Flow, Turbulence and Combustion vol:73 issue:1 pages:25-47
Swirling combustion is widely applied in various applications such as gas turbines, utility boilersor waste incinerators. This article contributes to the ongoing research by providing experimentaldata that are gathered in the mixing zone of a lifted swirling premixed natural gas flame. Theobjective of this paper is fivefold: (1) to introduce the lifted swirling flame featuring lowNO x emissions (2) to provide experimental data such as major species distributions, temperature and streamlines of the flow pattern, (3) to report on velocity bias in probability density function (PDF) distributions and to present PDF sequences of velocities in medium scale swirling flows, (4) to make an assessment on the local small-scale turbulence that is present in the swirling mixinglayer and (5) to provide new experimental data for model verification and development.
The PDFs are corrected in order to compensate for the velocity bias phenomenon, which is typicalfor randomly sampled LDA data. Sequences of axial PDF data are presented and measurement locationsof interest are selected to look at the PDF characteristics of the internal and externalrecirculation zones, the mixing layer and the onset of the reacting flow into detail. The mixinglayer PDFs covered a wide velocity range and revealed bimodality; even the concept ofmulti-modality is suggested and explored. Analysis showed that a sum of two Gaussian distributionscan accurately envelop the experimental PDFs. The reason for this broadband turbulence behavior isto be found in combination of precessing and flapping motion of the flow structures, and also incombustion generated instabilities of the lifted flame. As a result, the flame brush is wide (largescale motion) and the mixing (small-scale turbulence) flattens any high temperatures in thecombustion process.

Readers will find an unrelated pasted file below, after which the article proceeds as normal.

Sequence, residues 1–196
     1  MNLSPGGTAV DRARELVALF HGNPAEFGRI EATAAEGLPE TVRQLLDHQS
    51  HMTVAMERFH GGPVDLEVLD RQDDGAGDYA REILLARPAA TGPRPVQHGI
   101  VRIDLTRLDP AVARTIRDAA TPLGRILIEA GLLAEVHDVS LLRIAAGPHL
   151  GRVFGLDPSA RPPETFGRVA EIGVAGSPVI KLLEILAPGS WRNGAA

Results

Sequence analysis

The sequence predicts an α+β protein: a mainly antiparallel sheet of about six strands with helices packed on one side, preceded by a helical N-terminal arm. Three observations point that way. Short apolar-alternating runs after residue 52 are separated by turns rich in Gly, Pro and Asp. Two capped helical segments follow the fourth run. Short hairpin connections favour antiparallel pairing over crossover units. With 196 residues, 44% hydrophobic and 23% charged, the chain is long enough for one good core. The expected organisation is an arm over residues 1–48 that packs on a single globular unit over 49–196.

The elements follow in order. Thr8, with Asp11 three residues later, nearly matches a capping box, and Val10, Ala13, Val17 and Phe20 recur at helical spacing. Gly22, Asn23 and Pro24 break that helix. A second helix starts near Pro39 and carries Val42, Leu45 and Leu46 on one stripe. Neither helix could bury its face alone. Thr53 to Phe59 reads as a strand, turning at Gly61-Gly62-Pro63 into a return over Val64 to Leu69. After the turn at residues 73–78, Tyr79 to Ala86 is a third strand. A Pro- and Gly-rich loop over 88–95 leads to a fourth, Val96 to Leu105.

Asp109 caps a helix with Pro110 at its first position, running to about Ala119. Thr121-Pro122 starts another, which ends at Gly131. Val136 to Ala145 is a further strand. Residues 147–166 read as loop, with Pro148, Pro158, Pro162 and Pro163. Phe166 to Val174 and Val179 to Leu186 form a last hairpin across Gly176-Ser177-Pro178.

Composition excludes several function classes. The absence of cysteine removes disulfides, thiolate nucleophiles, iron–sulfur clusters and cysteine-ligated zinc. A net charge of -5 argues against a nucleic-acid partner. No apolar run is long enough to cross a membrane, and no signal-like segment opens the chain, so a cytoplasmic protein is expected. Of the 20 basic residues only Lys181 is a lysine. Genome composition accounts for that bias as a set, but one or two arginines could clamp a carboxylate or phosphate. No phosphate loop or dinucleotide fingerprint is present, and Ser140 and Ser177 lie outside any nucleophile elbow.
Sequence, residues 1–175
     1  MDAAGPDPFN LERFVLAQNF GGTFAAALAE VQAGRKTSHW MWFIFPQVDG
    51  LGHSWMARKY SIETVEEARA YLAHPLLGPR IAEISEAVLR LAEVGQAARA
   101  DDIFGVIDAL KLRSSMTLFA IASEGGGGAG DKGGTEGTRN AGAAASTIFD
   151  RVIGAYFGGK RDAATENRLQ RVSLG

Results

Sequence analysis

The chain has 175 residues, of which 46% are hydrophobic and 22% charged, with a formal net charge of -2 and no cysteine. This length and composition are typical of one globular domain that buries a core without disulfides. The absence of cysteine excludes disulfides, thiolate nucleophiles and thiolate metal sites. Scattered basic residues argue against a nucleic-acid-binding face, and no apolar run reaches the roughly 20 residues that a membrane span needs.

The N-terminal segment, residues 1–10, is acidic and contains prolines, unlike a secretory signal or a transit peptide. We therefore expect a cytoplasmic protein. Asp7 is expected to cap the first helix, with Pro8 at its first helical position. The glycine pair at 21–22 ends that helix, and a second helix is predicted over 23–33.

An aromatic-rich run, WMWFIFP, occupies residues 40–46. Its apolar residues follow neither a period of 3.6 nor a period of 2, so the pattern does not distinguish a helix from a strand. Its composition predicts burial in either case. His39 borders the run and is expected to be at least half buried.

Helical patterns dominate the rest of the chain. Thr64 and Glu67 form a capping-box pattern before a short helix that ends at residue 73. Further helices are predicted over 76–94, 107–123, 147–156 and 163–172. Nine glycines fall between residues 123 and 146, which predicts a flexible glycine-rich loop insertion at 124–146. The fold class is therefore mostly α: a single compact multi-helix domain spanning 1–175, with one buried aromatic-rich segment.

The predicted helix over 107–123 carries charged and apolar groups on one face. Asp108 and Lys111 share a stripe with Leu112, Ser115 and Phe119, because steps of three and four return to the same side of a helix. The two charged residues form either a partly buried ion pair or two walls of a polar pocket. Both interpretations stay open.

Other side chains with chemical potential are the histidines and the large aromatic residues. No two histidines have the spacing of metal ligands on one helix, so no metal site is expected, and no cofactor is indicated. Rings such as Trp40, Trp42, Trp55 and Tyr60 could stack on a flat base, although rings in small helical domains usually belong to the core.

The multi-scale turbulence concept is subsequently used to make anassessment of the local turbulence characteristics in the mixing layer.The idea is that the PDFs capture both contributions of the flow-inherent fine grain turbulence (u′ l ) which is superposed on slowlarge scale fluctuating structures. It is this u′ l that will be of interest in continued research on the classification of the lifted flame into acombustion regime diagram (e.g. Borghi diagram). Finally, the bimodalitycharacter in reacting flows and the prediction of large-scale structuresmay be a challenge for LES researchers.